Member of SCNAT

CH-QUAT represents a connection point for scientists from different research and applied areas that deal with the Quaternary in particular examining the aspects of human, environment and climate.more

Image: NASA Earth Observatory, Jesse Allen and Robert Simmonmore

CH-QUAT Excursion 2019


Vaud, Neuchâtel and Bernese Jura
Start: Morges train station 10 am

Karst – from Processes to Records

CH-QUAT Excursion 2019 Karst – Caves – Hydrogeology


Marc Lütscher (Institut Suisse de spéléologie et karstologie ISSKA)

Stefanie Wirth (Centre d'hydrogéologie et de géothermie, Univ. de Neuchâtel)

With contributions from: Philipp Häuselmann (ISSKA), Pierre-Yves Jeannin (ISSKA), Judit Deák (Canton of Neuchâtel)

This excursion through the karst landscape of the Jura Mountains led us from our meeting point in Morges to our first stop, the spring of Malagne at the foot of the Jura Mountains. Here, we got an overview of the geology and the organization of the karst drainage system in this southernmost fold of the Jura Mountains. The afternoon we spent on the Col du Marchairuz where we discussed the formation processes of geomorphological features typical for karst landscapes such as dolines and karrens. And no karst excursion without a dive into a cave of course: after a climb down a mobile ladder we could study erosion patterns by water on the cave walls and also sedimentary deposits. We ended the first day with a tour in the Grottes de Vallorbe where we marveled at spectacular speleothems.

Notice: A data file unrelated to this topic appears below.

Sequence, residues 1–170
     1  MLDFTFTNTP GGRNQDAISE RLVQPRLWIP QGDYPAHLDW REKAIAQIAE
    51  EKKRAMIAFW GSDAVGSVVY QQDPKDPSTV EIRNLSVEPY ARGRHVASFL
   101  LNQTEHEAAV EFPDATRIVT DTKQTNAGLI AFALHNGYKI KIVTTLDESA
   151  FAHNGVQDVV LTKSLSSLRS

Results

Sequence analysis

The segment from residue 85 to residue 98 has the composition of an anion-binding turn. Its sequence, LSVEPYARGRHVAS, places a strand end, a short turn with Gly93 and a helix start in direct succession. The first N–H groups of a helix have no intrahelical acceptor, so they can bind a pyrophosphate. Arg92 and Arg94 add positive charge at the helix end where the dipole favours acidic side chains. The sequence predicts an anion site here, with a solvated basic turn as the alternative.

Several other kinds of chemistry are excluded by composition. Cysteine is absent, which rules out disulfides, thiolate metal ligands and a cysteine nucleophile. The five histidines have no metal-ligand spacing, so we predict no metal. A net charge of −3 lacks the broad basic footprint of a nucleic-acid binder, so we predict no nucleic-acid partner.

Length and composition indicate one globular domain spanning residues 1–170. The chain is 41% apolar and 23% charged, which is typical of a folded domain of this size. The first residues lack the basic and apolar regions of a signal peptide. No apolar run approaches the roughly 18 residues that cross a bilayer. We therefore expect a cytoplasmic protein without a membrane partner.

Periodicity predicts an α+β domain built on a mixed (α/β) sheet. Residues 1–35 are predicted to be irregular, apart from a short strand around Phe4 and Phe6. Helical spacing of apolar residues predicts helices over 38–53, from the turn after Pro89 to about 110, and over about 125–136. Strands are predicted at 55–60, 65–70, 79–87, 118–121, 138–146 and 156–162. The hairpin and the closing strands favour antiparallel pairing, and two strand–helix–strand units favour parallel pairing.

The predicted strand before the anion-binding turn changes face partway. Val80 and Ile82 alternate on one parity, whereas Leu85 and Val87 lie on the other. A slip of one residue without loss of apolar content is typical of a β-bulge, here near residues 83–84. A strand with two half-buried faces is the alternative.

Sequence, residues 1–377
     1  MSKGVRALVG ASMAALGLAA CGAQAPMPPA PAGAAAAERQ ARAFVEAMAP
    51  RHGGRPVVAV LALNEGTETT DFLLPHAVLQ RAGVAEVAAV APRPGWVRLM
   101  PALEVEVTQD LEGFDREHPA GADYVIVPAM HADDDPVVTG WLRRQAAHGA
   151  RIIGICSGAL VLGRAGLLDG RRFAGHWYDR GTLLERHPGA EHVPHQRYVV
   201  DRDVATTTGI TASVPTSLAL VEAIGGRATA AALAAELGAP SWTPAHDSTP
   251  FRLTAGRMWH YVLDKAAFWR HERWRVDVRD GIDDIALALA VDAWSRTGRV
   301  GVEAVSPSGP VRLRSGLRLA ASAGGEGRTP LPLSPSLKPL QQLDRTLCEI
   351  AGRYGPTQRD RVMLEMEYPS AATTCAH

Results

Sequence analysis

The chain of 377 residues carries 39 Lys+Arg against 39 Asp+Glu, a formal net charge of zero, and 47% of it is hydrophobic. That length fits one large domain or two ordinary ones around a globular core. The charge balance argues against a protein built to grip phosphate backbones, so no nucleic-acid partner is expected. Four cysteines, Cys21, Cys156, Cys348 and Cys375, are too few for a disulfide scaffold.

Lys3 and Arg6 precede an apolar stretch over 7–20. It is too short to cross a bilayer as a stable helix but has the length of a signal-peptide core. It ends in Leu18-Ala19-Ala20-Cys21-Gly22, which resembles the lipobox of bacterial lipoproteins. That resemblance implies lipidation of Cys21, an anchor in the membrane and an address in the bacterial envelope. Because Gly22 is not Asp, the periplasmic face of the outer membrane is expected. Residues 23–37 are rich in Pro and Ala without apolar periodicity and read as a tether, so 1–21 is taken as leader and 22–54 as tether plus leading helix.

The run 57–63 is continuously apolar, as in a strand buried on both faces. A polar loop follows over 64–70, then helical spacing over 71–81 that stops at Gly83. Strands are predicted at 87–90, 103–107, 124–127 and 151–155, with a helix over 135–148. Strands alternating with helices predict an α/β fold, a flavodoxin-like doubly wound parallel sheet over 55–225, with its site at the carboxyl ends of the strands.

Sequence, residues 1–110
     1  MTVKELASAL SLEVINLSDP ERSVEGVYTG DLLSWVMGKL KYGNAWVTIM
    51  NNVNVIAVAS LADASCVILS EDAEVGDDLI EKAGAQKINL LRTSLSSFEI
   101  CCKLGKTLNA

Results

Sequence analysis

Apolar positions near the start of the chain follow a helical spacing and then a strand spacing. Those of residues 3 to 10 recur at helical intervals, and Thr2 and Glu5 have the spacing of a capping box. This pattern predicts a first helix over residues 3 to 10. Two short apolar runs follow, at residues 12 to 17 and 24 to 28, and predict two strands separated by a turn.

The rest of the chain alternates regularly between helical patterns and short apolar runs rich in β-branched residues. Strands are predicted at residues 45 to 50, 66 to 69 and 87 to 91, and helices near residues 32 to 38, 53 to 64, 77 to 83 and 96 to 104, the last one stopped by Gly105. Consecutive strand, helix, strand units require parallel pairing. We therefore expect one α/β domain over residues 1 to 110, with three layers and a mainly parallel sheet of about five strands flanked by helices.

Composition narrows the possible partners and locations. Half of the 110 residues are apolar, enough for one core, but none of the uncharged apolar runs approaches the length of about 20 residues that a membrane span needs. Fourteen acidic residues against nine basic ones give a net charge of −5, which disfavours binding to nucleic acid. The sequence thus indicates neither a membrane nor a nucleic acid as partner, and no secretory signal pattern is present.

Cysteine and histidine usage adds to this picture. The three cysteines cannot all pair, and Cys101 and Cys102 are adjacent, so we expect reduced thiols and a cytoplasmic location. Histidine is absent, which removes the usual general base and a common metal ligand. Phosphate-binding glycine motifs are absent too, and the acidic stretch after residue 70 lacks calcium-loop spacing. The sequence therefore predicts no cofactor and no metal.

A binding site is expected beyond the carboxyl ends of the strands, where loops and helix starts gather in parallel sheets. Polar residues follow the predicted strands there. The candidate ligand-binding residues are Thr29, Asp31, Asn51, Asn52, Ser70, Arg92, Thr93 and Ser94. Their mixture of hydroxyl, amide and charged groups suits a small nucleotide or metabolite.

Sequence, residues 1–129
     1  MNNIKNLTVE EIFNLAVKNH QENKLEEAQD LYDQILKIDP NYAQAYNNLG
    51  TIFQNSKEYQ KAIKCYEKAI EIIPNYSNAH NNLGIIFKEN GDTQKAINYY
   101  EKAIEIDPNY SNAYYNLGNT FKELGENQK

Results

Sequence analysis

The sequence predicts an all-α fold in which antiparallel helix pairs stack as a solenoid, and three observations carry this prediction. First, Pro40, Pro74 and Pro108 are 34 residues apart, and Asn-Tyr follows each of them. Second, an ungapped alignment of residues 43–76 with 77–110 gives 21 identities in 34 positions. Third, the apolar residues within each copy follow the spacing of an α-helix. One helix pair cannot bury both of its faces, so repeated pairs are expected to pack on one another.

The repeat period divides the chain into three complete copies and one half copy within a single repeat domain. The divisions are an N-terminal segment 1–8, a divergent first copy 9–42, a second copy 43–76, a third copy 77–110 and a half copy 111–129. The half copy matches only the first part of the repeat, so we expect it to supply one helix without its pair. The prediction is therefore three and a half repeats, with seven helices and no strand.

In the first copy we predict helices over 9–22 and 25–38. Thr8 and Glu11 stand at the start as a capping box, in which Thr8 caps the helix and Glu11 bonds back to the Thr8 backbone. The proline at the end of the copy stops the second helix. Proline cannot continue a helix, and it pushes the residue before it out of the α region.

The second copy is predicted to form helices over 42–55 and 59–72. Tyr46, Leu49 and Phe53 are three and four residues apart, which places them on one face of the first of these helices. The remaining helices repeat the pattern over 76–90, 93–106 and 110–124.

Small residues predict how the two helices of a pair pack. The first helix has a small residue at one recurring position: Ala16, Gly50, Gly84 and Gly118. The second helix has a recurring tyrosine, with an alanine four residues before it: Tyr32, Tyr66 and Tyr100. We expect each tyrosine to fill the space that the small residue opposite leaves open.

The second day we started in a beautiful ‘glacière’ in the Val de Travers, thus in an ice-filled cave. Good for cooling down the hot heads and bellies after a delicious dinner and an even more delicious breakfast in our hotel. Only a short ladder had to be conquered this time, but a good balance was an advantage for moving on the ice holding on to the ropes installed by our guides. We continued the trip to Grotte de Môtiers that was the first time mentioned in a letter from Jean-Jacques Rousseau. Here, vermiculations similar as in the Lascaux cave in France are visible on the cave walls, a pattern on the rock surface that is probably produced by bacterial activity. Our last cave of the excursion was the cave of Cotencher close to Neuchâtel. It is one of the oldest paleolithical sites of Switzerland and its sediment sequence has revealed lithic artefacts, faunal remains as well as evidence for the presence of a local glacier 70 ka ago. For our final stop with a focus on applied karst hydrogeology we continued to Twann. Here, the construction of the road tunnel had to be adapted to the important karst conduits draining the catchment area of the Chasseral. Enriched with many new impressions we ended the excursion with a tasting of wines grown on different geological substrates.

  • Doline, Col du Marchairuz
  • Access to a cave, Col du Marchairuz
  • Sedimentary deposits in a cave
  • Grottes de Vallorbe
  • Glacière de Monlési
  • Grotte de Môtiers
  • Grotte de Cotencher
  • Doline, Col du MarchairuzImage: Stefanie Wirth1/7
  • Access to a cave, Col du MarchairuzImage: Stefanie Wirth2/7
  • Sedimentary deposits in a caveImage: Stefanie Wirth3/7
  • Grottes de VallorbeImage: Stefanie Wirth4/7
  • Glacière de MonlésiImage: Stefanie Wirth5/7
  • Grotte de MôtiersImage: Stefanie Wirth6/7
  • Grotte de CotencherImage: Stefanie Wirth7/7


  • Caves
  • Hydrogeology
  • Jura (mountains)
  • Karst
  • Quaternary